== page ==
TAMPA — The principal of one of the county's most prominent charter schools touted her academy's accomplishments Wednesday, saying the Brooks-DeBartolo Collegiate School is not a sinking Titanic.
Principal Phildra J. Swagger spent the afternoon describing successes not reflected in test scores to the Hillsborough School Board, which may have to decide the low-performing school's fate next month.
"We do great work and have great kids," Swagger said. "I expect great outcomes."
But it was low Florida Comprehensive Assessment Test scores that forced Swagger and one of the school's founders, former Tampa Bay Bucs linebacker Derrick Brooks, to meet Wednesday with board members.
Brooks-DeBartolo, which opened in 2007 as a college preparatory school serving high school students, received a D grade in 2008. That was down from a C in 2007.
The drop led school superintendent MaryEllen Elia to review the contract with the school, one of 27 charter institutions in the county. The contract states that the district may sever the partnership if school performance declines.
Over the past several years, the district has closed 15 charter schools for various reasons, many for failing grades, said school district spokesman Steve Hegarty.
"If their performance continues to deteriorate, we expect the superintendent would recommend that they close," Hegarty said. "However, we don't think that is going to happen. We expect they are going to make progress."
Charter schools are publicly funded entities run by educators, businesses, community groups or nonprofit organizations. In return for greater accountability, they're given flexibility from many regulations.
The hope is they'll spur innovation and competition, and ultimately bring better results for kids.
State law requires districts to give a charter school 90-day notice of its intent to terminate a contract, said board attorney Tom Gonzalez. That's why Brooks-DeBartolo was given an opportunity to plead its case.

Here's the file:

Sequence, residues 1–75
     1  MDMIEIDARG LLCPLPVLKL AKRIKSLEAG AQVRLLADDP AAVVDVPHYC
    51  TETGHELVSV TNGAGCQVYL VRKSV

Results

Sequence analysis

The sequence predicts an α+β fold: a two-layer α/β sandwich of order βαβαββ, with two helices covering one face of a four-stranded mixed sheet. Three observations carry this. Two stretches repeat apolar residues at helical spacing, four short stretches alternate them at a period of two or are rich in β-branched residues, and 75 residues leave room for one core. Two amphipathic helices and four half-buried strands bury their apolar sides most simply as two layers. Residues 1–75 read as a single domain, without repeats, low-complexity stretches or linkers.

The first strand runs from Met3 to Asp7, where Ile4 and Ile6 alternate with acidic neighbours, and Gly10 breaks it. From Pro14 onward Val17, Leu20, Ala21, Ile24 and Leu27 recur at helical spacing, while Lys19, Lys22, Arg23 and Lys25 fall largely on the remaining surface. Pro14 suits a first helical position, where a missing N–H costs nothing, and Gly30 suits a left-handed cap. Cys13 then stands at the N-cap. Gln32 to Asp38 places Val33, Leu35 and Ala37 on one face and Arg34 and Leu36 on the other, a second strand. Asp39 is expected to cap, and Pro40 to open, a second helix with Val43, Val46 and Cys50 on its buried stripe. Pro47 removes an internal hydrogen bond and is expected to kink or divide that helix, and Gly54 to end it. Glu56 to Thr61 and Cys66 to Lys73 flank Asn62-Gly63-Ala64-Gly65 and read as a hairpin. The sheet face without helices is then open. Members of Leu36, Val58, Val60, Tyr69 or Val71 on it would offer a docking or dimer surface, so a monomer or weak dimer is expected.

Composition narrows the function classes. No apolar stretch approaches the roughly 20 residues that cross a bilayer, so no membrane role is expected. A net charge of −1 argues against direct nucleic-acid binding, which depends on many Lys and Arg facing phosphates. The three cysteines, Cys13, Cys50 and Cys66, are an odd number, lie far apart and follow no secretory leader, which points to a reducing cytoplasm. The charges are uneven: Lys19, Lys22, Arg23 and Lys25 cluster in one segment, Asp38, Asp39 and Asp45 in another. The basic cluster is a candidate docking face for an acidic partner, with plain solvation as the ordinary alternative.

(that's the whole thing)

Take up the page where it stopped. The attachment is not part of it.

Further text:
The school board is waiting on this year's FCAT scores to determine its next step. Those results are expected to be released next month.
"We'll be on pins and needles," Swagger said. "But we're confident the students will represent us and the district well."
Brooks said the scores do not tell the entire story about the impact the school has had on its students, many of whom come from low-income homes.
Among the school's highlights: the 2009 valedictorian is attending the University of Florida on a full scholarship and plans to become a lawyer; students have secured more than $450,000 in college scholarships; about 75 percent of the student body attends after-school events, such as FCAT prep sessions; and the school has a 91 percent attendance rate.
"I think we've done the best we can," Brooks told the board. "Throughout the process, we've been a provider second to none, in my opinion."
The board overwhelmingly expressed their support for the school, with board member Jack Lamb saying: "The FCAT is a four-letter word."
"Mr. Brooks, you have taken on a tremendous challenge," said board member Jennifer Faliero. "What you have done in three years is remarkable."
Those sentiments were echoed by a parent who came out to support the school.
Brian Butler, a communications consultant with two children at Brooks-DeBartolo, said teachers there push students to reach higher.
"You have kids at this school who are looking to go to college," he said. "At different schools, they're just trying to graduate. It's changing kids' lives."
Dong-Phuong Nguyen can be reached at (813) 909-4613 or email@example.com.